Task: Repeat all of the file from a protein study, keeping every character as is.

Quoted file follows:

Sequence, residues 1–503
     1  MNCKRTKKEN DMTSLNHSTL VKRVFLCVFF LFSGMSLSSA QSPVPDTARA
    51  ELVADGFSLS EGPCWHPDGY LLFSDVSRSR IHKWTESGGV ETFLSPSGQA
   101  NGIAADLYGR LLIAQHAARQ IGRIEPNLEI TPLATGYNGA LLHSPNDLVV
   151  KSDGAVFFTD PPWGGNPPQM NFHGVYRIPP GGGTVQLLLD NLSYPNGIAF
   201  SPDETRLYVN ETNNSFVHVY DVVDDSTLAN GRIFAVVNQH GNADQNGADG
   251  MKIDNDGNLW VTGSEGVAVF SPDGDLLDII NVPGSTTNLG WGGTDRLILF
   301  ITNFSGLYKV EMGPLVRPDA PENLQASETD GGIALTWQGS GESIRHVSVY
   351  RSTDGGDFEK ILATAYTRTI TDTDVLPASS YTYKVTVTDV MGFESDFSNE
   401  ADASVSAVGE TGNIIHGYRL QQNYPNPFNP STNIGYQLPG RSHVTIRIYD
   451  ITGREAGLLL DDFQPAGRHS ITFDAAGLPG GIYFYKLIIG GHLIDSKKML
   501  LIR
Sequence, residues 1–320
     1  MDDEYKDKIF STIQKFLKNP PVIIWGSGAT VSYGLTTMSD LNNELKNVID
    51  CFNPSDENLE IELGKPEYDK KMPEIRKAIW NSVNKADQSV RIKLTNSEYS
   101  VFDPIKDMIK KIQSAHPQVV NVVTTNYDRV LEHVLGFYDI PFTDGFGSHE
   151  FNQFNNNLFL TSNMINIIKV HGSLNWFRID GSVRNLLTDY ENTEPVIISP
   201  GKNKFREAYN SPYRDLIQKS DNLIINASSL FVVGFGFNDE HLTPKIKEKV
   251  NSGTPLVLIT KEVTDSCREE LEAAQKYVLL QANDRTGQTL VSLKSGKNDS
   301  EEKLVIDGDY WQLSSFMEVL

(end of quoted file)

Sequence, residues 1–503
     1  MNCKRTKKEN DMTSLNHSTL VKRVFLCVFF LFSGMSLSSA QSPVPDTARA
    51  ELVADGFSLS EGPCWHPDGY LLFSDVSRSR IHKWTESGGV ETFLSPSGQA
   101  NGIAADLYGR LLIAQHAARQ IGRIEPNLEI TPLATGYNGA LLHSPNDLVV
   151  KSDGAVFFTD PPWGGNPPQM NFHGVYRIPP GGGTVQLLLD NLSYPNGIAF
   201  SPDETRLYVN ETNNSFVHVY DVVDDSTLAN GRIFAVVNQH GNADQNGADG
   251  MKIDNDGNLW VTGSEGVAVF SPDGDLLDII NVPGSTTNLG WGGTDRLILF
   301  ITNFSGLYKV EMGPLVRPDA PENLQASETD GGIALTWQGS GESIRHVSVY
   351  RSTDGGDFEK ILATAYTRTI TDTDVLPASS YTYKVTVTDV MGFESDFSNE
   401  ADASVSAVGE TGNIIHGYRL QQNYPNPFNP STNIGYQLPG RSHVTIRIYD
   451  ITGREAGLLL DDFQPAGRHS ITFDAAGLPG GIYFYKLIIG GHLIDSKKML
   501  LIR
Sequence, residues 1–320
     1  MDDEYKDKIF STIQKFLKNP PVIIWGSGAT VSYGLTTMSD LNNELKNVID
    51  CFNPSDENLE IELGKPEYDK KMPEIRKAIW NSVNKADQSV RIKLTNSEYS
   101  VFDPIKDMIK KIQSAHPQVV NVVTTNYDRV LEHVLGFYDI PFTDGFGSHE
   151  FNQFNNNLFL TSNMINIIKV HGSLNWFRID GSVRNLLTDY ENTEPVIISP
   201  GKNKFREAYN SPYRDLIQKS DNLIINASSL FVVGFGFNDE HLTPKIKEKV
   251  NSGTPLVLIT KEVTDSCREE LEAAQKYVLL QANDRTGQTL VSLKSGKNDS
   301  EEKLVIDGDY WQLSSFMEVL